How would Don Draper tackle Marketing Automation?

“What you call love was invented by guys like me to sell nylons” Don Draper, early ‘70’s conversion guru

How do you connect a conversion to the marketing source? Is it when a prospective customer initially has a ‘touch point’ (an interaction) with your marketing campaigns, or is it the final point, just before they buy?

Most would maintain the traditional thinking is that it is that first interaction point. Which would be fine, if the marketing strategies of Mad Men applied to the modern world.

Customers now have between 5 and 23 touch points,* on average, per-brand, before making a purchasing decision. So if you have a wide range of marketing campaigns – and they are all segmented according to your customers needs and the various points in the buying cycle – then how do you quantify that initial point of interaction? The fact is that interactions should be continuous. You are no longer talking at your customers. You are in a continual dialogue with them, across multiple channels, and it never ends. It evolves. Like any relationship.

Every interaction can positively, or in some cases, negatively, influence the buyers journey.

Where then, does automation fit in?

1. A responsive framework
A framework for responsive marketing. If you have a.) the knowledge (about your customer base, broken down into segments) and b.) the assets in place (e.g. the right content for the right time and you can deploy across multiple channels: mobile, web, email, social, etc.) then you can play offense. You can respond and react in real time, rather than sending customers spray and pray message blasts on your timescale, you can be sending them information when it is a good time for them to react.

For example, busy parents can be reading about fun things to do with their kids on their tablets, after the children they’ve gone to bed on a Wednesday evening, when they are starting to think about the weekend, instead of 11:00 on a Tuesday morning when they’re at work.

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2. A cumulative impact.
Hearing the same message multiple times across multiple channels has a positive impact. Providing the right customer is getting the right message at the right time. Which is where segmentation comes in. Automation allows you to keep sending messages according to wherever a customer is in the buyers journey, allowing you to stay on their mental radar. So that when, for example, they’re ready to buy a new car they’ll be heading straight to their nearest Chrysler dealership instead of one for BMW. If one had been sending out numerous automated messages with relevant content across various channels during the last few months then the brand (Chrysler) will be more closely aligned with their need at that specific time (buying a new car).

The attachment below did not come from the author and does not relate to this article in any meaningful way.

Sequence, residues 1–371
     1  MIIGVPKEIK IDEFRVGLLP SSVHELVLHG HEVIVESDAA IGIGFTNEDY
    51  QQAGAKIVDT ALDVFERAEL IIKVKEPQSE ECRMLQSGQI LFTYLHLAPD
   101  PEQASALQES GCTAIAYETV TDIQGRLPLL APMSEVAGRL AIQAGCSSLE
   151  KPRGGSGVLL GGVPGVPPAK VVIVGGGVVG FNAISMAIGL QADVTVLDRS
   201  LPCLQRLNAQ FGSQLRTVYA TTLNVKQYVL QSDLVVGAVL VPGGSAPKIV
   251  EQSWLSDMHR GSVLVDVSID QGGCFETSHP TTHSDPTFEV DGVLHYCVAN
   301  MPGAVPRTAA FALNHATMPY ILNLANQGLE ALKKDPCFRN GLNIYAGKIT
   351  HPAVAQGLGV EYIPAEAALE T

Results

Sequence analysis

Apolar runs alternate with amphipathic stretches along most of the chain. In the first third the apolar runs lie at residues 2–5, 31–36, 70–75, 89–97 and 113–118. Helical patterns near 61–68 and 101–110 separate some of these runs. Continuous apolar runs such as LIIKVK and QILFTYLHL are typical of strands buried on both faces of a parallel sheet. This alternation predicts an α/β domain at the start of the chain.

3. Greater control.
The ways people consume media and content has changed. Many people are not tied to a specific screen (e.g. desktop). We live in a world where multiple screens serve as a point of interaction at various times of the day. This puts the consumer in greater control. It also does the same for our marketing strategies. You no longer have to worry someone will miss the message because you have greater control over how and when they interact with your brand. Automation increases the level of control you have because a response to a certain trigger (e.g. a customer mentioning a need for your product or service) can be set up in advance, ensuring no opportunity is missed.

Automation allows for controlled, responsive, reactive marketing, giving you the ability to deploy the right brand assets and materials in such a way as to interact with the customer according to their specific needs. The alternative is for your marketing department to be operating 24/7, so as to respond to all your customers in real time; which makes marketing automation far more cost effective.

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